South Boston, VA - The Buffalo Soldiers are known throughout history as African-American servicemen who fought in segregated infantries in times of war.
For Raymond Shelton, a South Boston man who served as a medic with the Buffalo Soldiers in World War II, the recognition he's recently received has been a dream come true.
At 99 years-old, his love for his country is still just as lively as he is.
Raymond Shelton, known locally as the "maestro", now spends much of his time at his piano doing what he loves.
Shelton has an extraordinary past.
"At that time, you don't think anything about it, you know? Now, we're getting the recognition," Shelton said.
Shelton was a medic in the 92nd Infantry, the only African-American army division that fought in Europe during WWII. His duties kept him out of combat, but danger was always just a few steps away.
"When I was drafted, I asked one of the officers, 'What are these bags for?' He said, 'That's to put your body in, in case you don't come back,'" Shelton said.
Shelton said he'll never forget the painful task of carrying lost comrades from the battlefield and sending their belongings back home.
"Once in a while, you'll come across one that you'd been with all that time, and it was very heartbreaking to see that," Shelton said.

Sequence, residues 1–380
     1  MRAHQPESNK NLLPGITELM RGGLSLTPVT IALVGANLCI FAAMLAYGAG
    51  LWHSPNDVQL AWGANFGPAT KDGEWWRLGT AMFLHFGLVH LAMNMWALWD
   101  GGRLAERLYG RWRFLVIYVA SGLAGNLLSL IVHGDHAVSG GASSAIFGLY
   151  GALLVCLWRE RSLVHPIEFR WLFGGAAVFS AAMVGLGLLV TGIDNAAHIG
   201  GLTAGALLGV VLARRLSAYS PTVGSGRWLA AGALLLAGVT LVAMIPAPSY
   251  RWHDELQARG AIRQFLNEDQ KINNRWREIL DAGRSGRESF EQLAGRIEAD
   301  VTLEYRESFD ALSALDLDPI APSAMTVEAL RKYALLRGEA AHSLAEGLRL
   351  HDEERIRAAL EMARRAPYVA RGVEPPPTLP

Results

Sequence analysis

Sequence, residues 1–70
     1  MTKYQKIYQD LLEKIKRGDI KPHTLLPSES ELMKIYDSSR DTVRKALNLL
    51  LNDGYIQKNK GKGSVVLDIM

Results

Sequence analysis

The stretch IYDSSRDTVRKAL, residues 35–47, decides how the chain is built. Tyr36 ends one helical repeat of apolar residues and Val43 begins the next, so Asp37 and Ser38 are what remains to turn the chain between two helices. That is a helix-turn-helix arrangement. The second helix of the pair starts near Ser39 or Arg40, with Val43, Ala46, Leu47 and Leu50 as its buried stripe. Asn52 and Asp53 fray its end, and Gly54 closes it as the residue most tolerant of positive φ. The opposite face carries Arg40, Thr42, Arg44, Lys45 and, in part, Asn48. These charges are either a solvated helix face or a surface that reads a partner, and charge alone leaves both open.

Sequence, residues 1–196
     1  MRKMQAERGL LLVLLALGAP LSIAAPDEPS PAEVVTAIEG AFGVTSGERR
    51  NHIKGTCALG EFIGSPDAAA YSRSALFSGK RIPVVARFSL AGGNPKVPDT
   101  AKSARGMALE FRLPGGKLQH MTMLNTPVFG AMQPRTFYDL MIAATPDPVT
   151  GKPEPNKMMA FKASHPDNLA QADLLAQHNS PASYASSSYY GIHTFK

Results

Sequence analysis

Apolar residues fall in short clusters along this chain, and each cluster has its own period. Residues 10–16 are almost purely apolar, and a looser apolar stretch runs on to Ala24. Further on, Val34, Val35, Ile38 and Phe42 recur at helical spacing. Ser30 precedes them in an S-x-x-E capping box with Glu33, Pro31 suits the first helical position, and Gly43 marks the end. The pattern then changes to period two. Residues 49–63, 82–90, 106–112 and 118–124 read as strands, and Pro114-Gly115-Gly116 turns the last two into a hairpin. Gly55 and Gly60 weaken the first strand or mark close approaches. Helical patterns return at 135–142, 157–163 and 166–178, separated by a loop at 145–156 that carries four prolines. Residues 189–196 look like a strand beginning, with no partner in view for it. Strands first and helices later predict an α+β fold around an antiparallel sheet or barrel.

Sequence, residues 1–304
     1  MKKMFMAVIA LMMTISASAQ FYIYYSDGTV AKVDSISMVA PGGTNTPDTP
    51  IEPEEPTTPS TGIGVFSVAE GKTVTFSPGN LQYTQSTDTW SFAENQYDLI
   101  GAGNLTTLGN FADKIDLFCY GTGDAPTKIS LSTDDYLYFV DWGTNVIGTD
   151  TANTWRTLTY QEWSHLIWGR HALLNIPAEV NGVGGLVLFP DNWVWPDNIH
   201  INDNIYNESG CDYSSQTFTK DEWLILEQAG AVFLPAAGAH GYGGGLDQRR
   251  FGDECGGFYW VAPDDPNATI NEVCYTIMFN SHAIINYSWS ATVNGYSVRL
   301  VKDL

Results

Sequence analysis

Originally from New York, Shelton moved to South Boston in the late 1970's. He's become a staple at local churches and nursing homes, sharing his gift of music with anyone who will listen.
"He came to our attention because he was a member of the greatest generation, and we wanted to honor him for his service," said Town Manager Ted Daniel.
Daniel and Town Council came together to honor Shelton in April.
Shelton received resolutions and certificates of merit from the town, Senator Mark Warner and Governor Bob McDonnell, just to name a few.
"I didn't want to get swell headed, I wouldn't be able to get my cap on...but I was elated. I just couldn't believe it," Shelton said.
Now, Shelton says he will continue to live his active lifestyle in the community, while those around him wonder where his youthful vitality comes from.
Shelton says he will always cherish the homage paid to him and his division.
"After all these years, I didn't think it would go this far. It makes you feel like you are on cloud nine," Shelton added.
Shelton went on to retire as a grocery store manager following his military service.
The 20 year cancer survivor says the keys to longevity are staying off the couch and finding humor in everything you can.